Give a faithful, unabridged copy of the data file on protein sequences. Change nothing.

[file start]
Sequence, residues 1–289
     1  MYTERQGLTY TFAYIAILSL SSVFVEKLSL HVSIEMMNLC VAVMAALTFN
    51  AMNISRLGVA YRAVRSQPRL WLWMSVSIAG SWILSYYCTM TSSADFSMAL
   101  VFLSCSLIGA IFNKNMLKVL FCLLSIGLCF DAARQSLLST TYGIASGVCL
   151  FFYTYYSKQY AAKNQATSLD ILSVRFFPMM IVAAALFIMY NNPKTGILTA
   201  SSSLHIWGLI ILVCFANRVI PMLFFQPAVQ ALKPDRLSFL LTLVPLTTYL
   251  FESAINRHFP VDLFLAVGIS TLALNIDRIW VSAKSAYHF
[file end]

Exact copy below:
Sequence, residues 1–289
     1  MYTERQGLTY TFAYIAILSL SSVFVEKLSL HVSIEMMNLC VAVMAALTFN
    51  AMNISRLGVA YRAVRSQPRL WLWMSVSIAG SWILSYYCTM TSSADFSMAL
   101  VFLSCSLIGA IFNKNMLKVL FCLLSIGLCF DAARQSLLST TYGIASGVCL
   151  FFYTYYSKQY AAKNQATSLD ILSVRFFPMM IVAAALFIMY NNPKTGILTA
   201  SSSLHIWGLI ILVCFANRVI PMLFFQPAVQ ALKPDRLSFL LTLVPLTTYL
   251  FESAINRHFP VDLFLAVGIS TLALNIDRIW VSAKSAYHF